* Vattenfall looking to reverse costly European expansion
* European unit seen worth at least 15 billion euros
* Buyers scarce amid weak industry demand, high debt levels
* IPO a possibility, but utilities valuations have slumped
By Arno Schuetze and Vera Eckert
FRANKFURT, Sept 26 (Reuters) - Swedish utility Vattenfall faces a lengthy battle to extricate itself from a costly and ill-timed expansion across Europe, with sluggish demand for power and uncertainty over energy policies putting off buyers and depressing asset prices.
Scandinavia’s biggest utility spent around 22 billion euros ($30 billion) on acquisitions over the past 15 years, trying to catch up with bigger rivals such as Germany’s E.ON and France’s EDF.
But, wrong-footed by a prolonged economic downturn across much of Europe and a drive in Germany towards renewable energy, the state-owned group is now under pressure at home to retrench to its better-performing Scandinavian markets and pay down the 162.5 billion crowns ($25 billion) of debt it has racked up.
Vattenfall, which has already taken about 8.5 billion euros of impairments on European assets, said in July it would split into two units - one Swedish, one European - by the end of 2013, in what was seen as a first step towards divesting the latter.
The company and potential advisers are now starting to prepare the ground for a sale or a stock market flotation of the European business, bankers told Reuters, with some estimating the unit could be worth at least 15 billion euros.
But they also said finding a buyer for the whole unit - and even some large parts - at an acceptable price would be hard.
“Vattenfall bought expensive trying to become a European champion, now they may have to sell when prices are down,” one utilities banker said, on condition of anonymity.
Another, who said he was pitching to advise Vattenfall, added a stock market listing could prove difficult as well, predicting utilities’ asset valuations - which have dropped a third over the last year - would have to come off their current lows for the group to press ahead with such a move.
European utility shares are trading at an average of 12.1 times forecast earnings, compared with 14.2 times for the broader stock market, with E.ON and RWE in Germany - which is also Vattenfall’s largest market - at 11.6 and 8.1 times respectively, according to Thomson Reuters data.
The longer Vattenfall delays, however, the more its bonds could suffer, as credit rating agencies press it to deleverage.
The most liquid Vattenfall bond, the 4.25 percent euro issue maturing in May 2014, has fallen steadily, shedding three percentage points over the past year to 102.4 percent of face value, while earlier this month, ratings agency Fitch cut the outlook on its A- rating for Vattenfall to negative from stable.
Vattenfall’s European business accounted for about two thirds of its 167 billion crowns of sales last year, but less than 10 percent of its earnings before interest and tax of 26 billion crowns, highlighting the weakness of demand in its recession-hit markets there.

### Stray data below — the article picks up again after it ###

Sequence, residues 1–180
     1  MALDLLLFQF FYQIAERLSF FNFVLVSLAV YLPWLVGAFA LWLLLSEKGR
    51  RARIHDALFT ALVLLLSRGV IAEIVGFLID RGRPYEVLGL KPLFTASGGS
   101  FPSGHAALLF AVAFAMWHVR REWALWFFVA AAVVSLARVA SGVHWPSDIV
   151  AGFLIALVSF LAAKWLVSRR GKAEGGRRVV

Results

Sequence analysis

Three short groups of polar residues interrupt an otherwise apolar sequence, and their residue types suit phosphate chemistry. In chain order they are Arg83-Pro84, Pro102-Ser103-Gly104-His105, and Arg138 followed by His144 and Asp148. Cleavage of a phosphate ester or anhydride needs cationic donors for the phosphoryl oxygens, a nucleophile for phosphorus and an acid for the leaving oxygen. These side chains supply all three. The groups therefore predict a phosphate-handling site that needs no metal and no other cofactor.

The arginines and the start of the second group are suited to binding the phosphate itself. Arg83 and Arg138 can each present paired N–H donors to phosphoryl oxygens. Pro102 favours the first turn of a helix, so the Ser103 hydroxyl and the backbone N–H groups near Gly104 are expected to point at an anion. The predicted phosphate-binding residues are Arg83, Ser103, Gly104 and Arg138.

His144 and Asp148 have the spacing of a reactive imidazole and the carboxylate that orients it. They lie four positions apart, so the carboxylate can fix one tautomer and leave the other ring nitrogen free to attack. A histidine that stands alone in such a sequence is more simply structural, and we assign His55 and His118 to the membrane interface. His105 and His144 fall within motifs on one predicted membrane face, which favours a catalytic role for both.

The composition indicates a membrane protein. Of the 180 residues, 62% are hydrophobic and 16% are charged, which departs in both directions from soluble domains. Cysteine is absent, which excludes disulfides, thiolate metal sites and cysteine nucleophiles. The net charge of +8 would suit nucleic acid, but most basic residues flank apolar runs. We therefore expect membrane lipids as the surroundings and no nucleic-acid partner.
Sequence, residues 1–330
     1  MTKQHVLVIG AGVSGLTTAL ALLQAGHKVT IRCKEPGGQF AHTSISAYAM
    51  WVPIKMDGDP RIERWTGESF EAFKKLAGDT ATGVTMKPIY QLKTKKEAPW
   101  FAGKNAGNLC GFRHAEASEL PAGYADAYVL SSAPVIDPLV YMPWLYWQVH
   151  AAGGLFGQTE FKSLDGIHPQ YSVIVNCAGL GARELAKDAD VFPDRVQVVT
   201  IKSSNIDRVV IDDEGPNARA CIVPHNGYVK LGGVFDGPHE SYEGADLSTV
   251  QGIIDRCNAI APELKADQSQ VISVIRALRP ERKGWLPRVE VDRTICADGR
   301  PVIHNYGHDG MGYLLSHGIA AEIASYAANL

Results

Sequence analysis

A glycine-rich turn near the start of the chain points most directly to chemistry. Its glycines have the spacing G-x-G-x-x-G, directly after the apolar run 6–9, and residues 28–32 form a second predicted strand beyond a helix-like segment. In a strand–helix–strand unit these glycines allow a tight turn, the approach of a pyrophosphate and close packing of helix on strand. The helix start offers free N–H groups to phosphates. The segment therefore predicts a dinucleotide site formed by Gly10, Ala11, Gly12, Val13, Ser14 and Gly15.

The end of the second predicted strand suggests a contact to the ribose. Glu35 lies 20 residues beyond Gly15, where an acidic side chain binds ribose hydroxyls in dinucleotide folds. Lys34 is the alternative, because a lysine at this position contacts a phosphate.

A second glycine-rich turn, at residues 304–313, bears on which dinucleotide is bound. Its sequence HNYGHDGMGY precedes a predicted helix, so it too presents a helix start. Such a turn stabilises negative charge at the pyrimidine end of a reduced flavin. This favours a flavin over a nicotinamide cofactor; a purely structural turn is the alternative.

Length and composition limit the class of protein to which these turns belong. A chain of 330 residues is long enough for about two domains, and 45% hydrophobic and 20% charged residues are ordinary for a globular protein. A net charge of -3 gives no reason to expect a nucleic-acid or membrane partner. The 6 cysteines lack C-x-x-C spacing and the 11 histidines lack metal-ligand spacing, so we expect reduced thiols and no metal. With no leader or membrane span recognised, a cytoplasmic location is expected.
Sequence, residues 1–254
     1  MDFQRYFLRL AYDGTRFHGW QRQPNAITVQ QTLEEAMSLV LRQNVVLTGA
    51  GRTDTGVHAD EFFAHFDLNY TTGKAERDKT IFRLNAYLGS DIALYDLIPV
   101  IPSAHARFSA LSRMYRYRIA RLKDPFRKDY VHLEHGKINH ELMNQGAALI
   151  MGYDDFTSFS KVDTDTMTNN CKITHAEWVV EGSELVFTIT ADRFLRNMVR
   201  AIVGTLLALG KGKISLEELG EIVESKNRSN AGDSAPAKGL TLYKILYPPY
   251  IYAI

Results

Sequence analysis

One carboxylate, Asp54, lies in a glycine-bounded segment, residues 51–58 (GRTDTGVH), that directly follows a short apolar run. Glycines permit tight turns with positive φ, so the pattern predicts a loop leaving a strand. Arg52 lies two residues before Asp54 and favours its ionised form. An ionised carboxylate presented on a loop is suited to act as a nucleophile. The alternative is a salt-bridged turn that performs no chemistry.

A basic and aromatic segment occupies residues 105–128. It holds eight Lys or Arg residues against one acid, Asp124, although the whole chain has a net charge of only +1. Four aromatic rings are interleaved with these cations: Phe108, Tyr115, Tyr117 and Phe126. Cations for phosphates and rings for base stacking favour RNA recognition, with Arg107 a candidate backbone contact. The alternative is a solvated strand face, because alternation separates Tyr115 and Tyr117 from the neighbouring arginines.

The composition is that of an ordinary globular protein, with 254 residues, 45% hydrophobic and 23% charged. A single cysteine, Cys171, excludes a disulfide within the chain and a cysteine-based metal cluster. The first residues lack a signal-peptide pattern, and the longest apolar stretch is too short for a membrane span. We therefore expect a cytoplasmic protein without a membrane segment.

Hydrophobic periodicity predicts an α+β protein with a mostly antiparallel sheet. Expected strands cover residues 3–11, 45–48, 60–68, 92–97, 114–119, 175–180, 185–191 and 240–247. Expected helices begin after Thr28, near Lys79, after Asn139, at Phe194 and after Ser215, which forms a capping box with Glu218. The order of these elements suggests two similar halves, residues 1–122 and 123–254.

The Swedish group is not alone in suffering. But with rivals also grappling with a gloomy industry outlook and high debt levels, they are unlikely to splash out on big acquisitions.
That could leave Vattenfall reliant on interest from infrastructure funds such as GIP and Macquarie for many assets.
Germany, accounting for about 40 percent of Vattenfall’s electricity output last year, is at the heart of its problems, in part because of the country’s decision to exit nuclear power after Japan’s nuclear disaster in 2011.
Vattenfall’s German unit, the country’s third-biggest power group by output, has already idled two German nuclear reactors.
Its four brown coal-fired power sites, responsible for 90 percent of its electricity production in Germany, also have problems. Highly profitable if running round-the-clock, they often have to curb output as German law gives power from renewable sources priority grid access.
Vattenfall is already in talks to sell its Lippendorf plant to Czech investor EPH, though bankers expect it to fetch only 700-800 million euros - two thirds of what it cost to build.
The price of the remaining plants will hinge in part on future energy policy and buyers’ willingness to raise their exposure to “dirty” brown coal, bankers said.
Lignite profits could erode quickly if prices for EU carbon emissions rights come off their historic lows. Experts believe that, in the long run, Germany could even become hostile towards CO2-heavy brown coal and introduce a special tax.
Much will depend on the stance taken by the country’s new coalition government, which could take some time to emerge and so delay Vattenfall’s attempts to sell local businesses.
Even the group’s most prized German assets, its electricity grids in Berlin and Hamburg, are under a cloud. With their stable revenue streams, the grids could reap at least 2 billion euros each if sold to yield-hungry infrastructure investors.
But whether such a sale is feasible, remains unclear. Hamburg’s citizens on Sunday decided the city should buy back the grid and Berlin will have a similar poll in November. Vattenfall’s concessions for both grids end in late 2014 and a positive vote could make to harder to extend those, with Hamburg already saying it could set up its own grid operator.
It’s not all bad news, as bankers forecast Vattenfall will find strong demand for its British wind parks. The group has invested 2.3 billion euros in five UK wind parks since 2008.
“Resell values can vary greatly. However, I expect they would get at least their investment back,” a sector banker said.
Dutch business Nuon, which was bought for 8.5 billion euros in 2009, is a different matter though, as much of its gas-burning capacity now often lies idle due to cheaper imported German wind or solar power.
“Nuon is probably worth 3 billion euros now, but even at that price, it will hardly attract a buyer,” one banker said.